Came across an interesting just-launched website devoted solely to providing employers and their HR teams with, as the site says, “expert, creative, and cost-effective solutions for managing the burgeoning risk of workplace EEO disputes.”
A bit too focused, you might ask? Au contraire, says Merrily Archer, an employment attorney and founder of Denver-based EEO Legal Solutions and it’s brand new site. Here’ how she describes “the gathering EEO storm” on her home page:
The number of EEOC charges will hit 100,000 in 2012, with increasing prevalence of age, disability, retaliation and systemic (‘disparate impact’) charges. In-house counsel now report that employment matters, both administrative activity and litigation, rank first in amount and frequency. No doubt, the ‘face’ and frequency of discrimination has changed markedly since the Civil Rights Act of 1991, ranging from pro se individual charges to full-blown EEOC systemic investigations and class-action litigation. Given the variable risk inherent in EEOC charges and EEO litigation, employers must master claim avoidance, evaluation, and resource allocation to avoid defraying expensive external ‘solutions’ to comparatively minor EEO problems.
Archer, a former attorney with the U.S. Equal Employment Opportunity Commission, know’s from whence she speaks. She’s been a key and outspoken source for HRE on the EEOC’s aggressive systemic push of late, in this piece, this one, and this, to share just three. She also contributed this byline for us on how to fight back against the push.
Her new site, she says, offers employers’ existing HR and legal teams coaching and training “to reduce reliance on outside counsel and by extension, expensive ‘solutions’ to more minor EEO problems. Through lean litigation, EEO Legal Solutions proves that employers can still afford to fight when they’re right.”
For your frame of reference, and an understanding of what the EEOC is after, here is the agency’s selected list of systemic hiring resolutions and filings as of April and a full rundown of the systemic focus when it was initially proposed years ago.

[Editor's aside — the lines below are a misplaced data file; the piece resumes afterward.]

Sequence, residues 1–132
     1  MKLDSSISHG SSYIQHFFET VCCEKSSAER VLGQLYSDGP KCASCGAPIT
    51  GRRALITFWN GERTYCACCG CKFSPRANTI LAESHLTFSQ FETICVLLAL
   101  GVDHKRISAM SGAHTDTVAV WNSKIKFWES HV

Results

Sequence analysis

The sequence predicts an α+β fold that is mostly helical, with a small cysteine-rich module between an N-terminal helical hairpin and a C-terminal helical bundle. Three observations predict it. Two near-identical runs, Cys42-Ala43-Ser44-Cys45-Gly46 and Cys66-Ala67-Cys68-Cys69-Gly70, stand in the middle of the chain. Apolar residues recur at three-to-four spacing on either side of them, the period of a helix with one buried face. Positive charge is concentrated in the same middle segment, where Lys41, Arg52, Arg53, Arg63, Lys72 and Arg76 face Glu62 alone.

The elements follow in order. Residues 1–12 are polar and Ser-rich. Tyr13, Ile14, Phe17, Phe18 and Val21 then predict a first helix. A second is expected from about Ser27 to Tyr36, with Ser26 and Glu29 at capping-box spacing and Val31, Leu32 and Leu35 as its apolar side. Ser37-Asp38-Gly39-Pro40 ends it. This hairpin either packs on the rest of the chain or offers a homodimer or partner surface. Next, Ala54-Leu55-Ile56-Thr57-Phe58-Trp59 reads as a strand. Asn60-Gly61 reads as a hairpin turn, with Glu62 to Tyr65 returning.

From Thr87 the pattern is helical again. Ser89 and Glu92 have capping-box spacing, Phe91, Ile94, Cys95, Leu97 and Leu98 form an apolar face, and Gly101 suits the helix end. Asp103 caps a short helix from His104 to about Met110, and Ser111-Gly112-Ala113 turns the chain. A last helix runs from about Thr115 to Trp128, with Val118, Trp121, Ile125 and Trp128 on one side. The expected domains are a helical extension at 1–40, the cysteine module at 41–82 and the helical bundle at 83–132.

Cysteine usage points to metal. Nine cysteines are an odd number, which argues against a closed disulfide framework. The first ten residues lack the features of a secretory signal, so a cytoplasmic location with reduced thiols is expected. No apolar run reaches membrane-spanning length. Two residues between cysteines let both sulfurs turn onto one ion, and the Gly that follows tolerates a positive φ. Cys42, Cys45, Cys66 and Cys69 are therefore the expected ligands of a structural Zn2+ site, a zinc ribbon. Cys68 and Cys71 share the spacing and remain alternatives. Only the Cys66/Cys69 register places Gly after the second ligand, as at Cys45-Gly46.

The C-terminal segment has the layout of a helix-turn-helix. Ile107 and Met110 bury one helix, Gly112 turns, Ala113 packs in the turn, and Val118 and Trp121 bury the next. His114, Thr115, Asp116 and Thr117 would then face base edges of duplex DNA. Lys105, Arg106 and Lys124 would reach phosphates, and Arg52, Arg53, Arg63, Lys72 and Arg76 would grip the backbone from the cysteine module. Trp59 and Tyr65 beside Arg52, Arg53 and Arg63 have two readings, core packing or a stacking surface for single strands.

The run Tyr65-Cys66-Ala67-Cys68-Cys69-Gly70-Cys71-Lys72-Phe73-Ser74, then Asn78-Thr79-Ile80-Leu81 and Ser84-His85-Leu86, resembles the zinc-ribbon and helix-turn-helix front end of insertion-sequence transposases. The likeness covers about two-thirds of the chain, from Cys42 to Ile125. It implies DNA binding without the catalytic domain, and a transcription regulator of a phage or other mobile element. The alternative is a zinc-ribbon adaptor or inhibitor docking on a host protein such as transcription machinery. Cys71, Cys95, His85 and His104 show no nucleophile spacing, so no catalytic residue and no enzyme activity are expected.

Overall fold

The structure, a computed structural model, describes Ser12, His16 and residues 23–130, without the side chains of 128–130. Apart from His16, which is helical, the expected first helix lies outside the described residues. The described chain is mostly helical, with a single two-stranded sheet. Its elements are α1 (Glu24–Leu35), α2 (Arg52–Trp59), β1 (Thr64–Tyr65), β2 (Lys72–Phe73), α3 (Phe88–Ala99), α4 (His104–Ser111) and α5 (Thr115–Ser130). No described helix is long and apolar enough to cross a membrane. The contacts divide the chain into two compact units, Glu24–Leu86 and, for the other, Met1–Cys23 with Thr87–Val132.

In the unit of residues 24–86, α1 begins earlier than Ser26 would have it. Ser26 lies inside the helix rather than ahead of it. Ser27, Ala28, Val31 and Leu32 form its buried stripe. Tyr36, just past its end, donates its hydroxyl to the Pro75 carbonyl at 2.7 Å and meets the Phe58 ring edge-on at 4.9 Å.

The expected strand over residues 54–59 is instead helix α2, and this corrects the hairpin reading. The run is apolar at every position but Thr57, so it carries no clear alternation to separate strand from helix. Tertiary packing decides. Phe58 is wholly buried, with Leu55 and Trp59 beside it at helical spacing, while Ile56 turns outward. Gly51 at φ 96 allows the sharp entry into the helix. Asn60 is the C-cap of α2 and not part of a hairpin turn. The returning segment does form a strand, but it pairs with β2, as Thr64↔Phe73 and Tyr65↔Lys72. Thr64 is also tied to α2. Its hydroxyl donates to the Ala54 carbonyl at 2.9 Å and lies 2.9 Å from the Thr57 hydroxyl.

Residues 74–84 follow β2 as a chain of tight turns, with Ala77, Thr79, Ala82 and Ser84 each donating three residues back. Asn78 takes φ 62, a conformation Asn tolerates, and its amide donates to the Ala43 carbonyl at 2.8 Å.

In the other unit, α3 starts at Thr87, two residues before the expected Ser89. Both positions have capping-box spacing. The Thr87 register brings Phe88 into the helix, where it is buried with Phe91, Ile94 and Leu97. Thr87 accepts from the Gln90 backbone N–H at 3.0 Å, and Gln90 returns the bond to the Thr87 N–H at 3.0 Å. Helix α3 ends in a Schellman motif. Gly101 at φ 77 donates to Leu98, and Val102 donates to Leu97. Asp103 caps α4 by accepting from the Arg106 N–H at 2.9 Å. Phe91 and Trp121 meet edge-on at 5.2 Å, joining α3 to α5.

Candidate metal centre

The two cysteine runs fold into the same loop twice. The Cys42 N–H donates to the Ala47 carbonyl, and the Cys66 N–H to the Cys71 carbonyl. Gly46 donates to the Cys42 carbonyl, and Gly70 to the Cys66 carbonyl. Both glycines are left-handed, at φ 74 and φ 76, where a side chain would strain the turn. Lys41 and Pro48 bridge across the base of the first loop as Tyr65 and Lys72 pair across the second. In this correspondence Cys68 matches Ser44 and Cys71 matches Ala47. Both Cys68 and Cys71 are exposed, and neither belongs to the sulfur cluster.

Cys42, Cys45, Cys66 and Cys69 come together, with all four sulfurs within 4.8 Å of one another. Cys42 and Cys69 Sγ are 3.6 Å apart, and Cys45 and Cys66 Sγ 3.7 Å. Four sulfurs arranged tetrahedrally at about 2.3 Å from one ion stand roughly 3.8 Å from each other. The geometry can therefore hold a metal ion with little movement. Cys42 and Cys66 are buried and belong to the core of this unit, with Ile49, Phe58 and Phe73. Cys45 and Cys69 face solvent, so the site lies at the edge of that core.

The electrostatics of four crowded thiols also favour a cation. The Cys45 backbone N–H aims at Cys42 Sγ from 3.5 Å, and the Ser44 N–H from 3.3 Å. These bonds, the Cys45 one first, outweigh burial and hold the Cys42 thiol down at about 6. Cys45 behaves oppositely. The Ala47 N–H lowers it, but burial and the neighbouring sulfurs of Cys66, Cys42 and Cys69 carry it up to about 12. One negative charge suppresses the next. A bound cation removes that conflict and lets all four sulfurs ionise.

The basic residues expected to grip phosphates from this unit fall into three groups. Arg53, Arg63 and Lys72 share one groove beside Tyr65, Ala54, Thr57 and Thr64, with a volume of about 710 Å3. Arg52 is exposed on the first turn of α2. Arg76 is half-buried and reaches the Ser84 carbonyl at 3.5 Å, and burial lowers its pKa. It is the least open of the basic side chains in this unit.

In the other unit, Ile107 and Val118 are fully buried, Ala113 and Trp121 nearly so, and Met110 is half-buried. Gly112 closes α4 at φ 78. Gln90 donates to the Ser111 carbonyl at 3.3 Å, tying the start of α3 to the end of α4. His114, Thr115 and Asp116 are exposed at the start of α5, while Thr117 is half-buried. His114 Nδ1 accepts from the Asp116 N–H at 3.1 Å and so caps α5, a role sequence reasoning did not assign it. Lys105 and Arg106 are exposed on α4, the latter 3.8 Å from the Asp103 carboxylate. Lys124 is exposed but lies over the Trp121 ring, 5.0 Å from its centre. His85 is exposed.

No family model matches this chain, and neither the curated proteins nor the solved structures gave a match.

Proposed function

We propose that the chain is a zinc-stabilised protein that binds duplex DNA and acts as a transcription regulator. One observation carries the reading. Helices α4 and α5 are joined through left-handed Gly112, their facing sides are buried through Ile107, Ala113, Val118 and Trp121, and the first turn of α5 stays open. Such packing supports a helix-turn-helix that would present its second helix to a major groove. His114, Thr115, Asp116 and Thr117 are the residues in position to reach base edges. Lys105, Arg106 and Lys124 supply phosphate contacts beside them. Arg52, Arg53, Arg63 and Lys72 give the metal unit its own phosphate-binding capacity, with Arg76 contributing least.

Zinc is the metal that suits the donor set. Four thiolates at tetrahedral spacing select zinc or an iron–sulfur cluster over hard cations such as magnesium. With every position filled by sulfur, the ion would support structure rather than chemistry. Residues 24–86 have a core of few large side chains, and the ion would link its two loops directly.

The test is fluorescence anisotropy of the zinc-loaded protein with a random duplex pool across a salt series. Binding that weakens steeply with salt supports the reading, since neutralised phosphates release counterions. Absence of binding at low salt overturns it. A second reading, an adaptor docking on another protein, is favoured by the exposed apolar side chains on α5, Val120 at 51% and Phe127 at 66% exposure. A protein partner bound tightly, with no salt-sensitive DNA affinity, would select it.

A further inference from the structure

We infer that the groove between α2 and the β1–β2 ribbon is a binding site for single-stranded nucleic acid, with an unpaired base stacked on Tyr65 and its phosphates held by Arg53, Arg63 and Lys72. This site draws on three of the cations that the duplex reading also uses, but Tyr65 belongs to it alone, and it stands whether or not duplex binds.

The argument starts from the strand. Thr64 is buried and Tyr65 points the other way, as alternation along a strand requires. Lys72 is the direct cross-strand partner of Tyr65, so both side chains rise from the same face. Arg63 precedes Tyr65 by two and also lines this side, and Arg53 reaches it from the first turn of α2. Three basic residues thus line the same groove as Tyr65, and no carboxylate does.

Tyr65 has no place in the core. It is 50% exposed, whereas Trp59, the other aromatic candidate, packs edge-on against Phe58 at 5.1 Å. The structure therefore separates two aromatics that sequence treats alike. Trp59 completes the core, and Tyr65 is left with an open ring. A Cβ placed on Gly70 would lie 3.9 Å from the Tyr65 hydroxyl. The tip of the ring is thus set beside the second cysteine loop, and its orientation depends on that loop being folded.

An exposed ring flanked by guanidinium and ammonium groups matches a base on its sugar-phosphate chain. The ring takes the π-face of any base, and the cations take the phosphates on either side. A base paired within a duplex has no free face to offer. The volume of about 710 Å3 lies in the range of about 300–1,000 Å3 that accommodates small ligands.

I especially like Archer’s blog post on her site itemizing the reasons “Our Workplaces Don’t Work”:
Since the passage of the Civil Rights Act of 1991, our workplaces have become ‘overlawyered’ regulatory quagmires in which employers balance competing laws and risks on a daily basis: the risk of a negligent hiring/entrustment/supervision claim versus the risk of an EEOC systemic investigation over use of pertinent criminal background information; the risk of retaining an underperforming employee versus the risk of an EEOC charge; the risk of workers’ compensation claims against the risks of claims under the Americans with Disabilities Act, as amended, and the absurdly complicated Family and Medical Leave Act; the risk of financial collapse versus the risk of individual and systemic EEO claims arising from a necessary reduction-in-force; the risk of going out of business versus the risk that the EEOC will impose its judgment regarding what constitutes ‘successful’ job performance … and on it goes … employers have become stuck in this ‘damned-if-you-do-damned-if-you-don’t’ EEO regulatory maelstrom, sacrificing basic management considerations of employee accountability, reliability and even competency.
William Tate, president of Chicago-based HR Plus screening solutions, talked about that first risk when he and I met at the Society for Human Resource Management conference this past June. He likened the EEOC’s background-screening mandate to a kind of “Sophie’s Choice” for his clients between following the new rules and keeping their workplaces safe.
The cost alone of retraining recruiters to conduct and document individual reviews for each former convict, he told me, threatens many (especially smaller and mid-sized) employers’ survivals.
And he didn’t even mention the legal costs Archer says she aims to spare employers.